Medical Malpractice: Statute of Limitations and the Discovery Rule

Medical Malpractice: Statute of Limitations and the Discovery Rule

Medical Malpractice: Statute of Limitations and the Discovery Rule

Pittsburgh Medical Malpractice Attorney

An explanation of the statute of limitations as applied to medical malpractice claims and how the discovery rule may expand the opportunity to file claims in certain cases.

Medical malpractice is a term that encompasses a wide range of cases including misdiagnosis, surgical errors, prescription errors, birth injury, hospital negligence, and emergency room negligence. There are numerous situations that may contribute to medical malpractice, making every case distinct.

It is common for a victim of malpractice to not become aware of an issue for weeks, months, or years after the initial negligent act. Therefore, when considering the statute of limitations to file a medical malpractice claim, standard rules can be somewhat restrictive. Attorney Joseph Marrone explains, “The statute of limitations to file a medical malpractice claim is generally two years. However, there is a discovery rule which allows a claim to be filed later, when the injured party knew or should have known about potential malpractice.”

For instance, a woman that undergoes surgery may have a seemingly successful procedure and leave the hospital. Months later she begins to feel ill or have unexplained health issues. As a result, the woman undergoes a series of recommended testing and ultimately learns that a surgical instrument was left inside of her during the previous surgery. In cases such as these, the discovery rule offers injured parties a sort of extension on filing a claim. The discovery rule allows the statute of limitations to begin when the Plaintiff knew or should have known about potential malpractice. Therefore, the discovery rule may apply to the described case, with the statute of limitations beginning once the woman learned of the object left inside of her from a previous surgery. This would enable counsel to have an adequate amount of time to complete discovery and file a claim on her behalf without failing to meet the standard two year statute of limitations.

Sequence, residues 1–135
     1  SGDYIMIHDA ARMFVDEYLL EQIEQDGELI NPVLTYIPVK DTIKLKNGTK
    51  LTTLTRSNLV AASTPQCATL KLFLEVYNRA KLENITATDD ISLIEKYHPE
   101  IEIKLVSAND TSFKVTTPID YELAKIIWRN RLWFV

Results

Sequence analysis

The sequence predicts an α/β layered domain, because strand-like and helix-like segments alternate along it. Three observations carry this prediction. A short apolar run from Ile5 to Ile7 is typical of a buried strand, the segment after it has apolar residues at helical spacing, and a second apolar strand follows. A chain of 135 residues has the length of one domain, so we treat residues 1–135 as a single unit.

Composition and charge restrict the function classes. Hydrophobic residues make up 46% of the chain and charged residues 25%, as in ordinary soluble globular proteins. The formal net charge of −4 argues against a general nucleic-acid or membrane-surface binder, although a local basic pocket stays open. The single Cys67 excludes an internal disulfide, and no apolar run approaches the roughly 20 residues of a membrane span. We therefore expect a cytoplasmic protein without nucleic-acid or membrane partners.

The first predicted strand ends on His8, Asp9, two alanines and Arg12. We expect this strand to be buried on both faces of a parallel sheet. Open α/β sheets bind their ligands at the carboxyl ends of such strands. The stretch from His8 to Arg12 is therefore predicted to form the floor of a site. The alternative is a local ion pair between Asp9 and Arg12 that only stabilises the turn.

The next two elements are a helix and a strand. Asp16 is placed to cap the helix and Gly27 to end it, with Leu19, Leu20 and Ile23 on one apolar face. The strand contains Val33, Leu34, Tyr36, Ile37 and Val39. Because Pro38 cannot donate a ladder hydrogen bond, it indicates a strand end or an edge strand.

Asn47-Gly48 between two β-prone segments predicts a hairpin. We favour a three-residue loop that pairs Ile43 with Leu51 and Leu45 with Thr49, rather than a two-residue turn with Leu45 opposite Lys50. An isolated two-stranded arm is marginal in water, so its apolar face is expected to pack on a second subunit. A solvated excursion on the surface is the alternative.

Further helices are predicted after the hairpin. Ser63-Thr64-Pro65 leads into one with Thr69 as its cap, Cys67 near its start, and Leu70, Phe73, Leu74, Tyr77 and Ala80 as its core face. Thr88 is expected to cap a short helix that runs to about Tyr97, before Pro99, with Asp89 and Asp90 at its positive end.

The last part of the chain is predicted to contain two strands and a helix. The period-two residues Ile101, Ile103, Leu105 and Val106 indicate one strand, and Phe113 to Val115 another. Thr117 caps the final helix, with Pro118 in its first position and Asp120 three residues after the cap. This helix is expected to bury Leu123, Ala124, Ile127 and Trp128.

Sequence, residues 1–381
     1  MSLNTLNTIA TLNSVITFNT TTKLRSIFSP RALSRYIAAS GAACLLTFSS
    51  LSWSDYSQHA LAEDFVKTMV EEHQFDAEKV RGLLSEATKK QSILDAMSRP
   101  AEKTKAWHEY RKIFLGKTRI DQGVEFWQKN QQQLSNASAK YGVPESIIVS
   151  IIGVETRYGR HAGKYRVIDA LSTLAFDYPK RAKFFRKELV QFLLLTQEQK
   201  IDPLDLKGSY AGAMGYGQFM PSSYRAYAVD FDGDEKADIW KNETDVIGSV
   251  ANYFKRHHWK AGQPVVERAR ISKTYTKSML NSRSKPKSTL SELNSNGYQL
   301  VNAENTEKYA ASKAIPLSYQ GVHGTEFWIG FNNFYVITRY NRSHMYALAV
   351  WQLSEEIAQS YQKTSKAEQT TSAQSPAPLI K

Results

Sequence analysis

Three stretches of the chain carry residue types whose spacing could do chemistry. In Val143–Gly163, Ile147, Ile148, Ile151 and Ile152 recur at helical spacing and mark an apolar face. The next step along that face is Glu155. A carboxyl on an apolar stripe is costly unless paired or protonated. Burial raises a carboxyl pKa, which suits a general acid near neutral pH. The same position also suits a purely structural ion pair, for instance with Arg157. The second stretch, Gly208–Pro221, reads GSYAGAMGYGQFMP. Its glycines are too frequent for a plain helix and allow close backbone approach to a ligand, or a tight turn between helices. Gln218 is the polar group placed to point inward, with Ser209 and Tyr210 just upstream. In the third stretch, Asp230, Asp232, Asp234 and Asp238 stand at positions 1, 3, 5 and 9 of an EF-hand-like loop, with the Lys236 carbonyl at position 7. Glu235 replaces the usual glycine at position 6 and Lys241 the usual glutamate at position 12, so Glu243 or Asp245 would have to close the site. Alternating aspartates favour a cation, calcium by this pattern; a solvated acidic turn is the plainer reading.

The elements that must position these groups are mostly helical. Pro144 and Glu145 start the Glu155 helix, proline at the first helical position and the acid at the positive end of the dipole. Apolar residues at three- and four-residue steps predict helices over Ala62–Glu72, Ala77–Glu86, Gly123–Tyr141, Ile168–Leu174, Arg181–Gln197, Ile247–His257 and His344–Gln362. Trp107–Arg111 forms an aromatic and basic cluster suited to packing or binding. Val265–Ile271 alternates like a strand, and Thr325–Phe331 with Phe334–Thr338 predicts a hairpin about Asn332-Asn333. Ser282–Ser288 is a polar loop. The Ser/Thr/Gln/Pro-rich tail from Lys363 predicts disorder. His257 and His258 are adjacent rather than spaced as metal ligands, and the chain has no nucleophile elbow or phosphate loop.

It is clear that the discovery rule, though not applicable in some jurisdictions, provides many more the opportunity to file medical malpractice claims than if only the statute of limitations applied.

Traumatic Brain Injury (TBI) in Football
5 Things to Be Cautious of at the Gym
Defective and Dangerous Children’s Toys
This site is registered on wpml.org as a development site.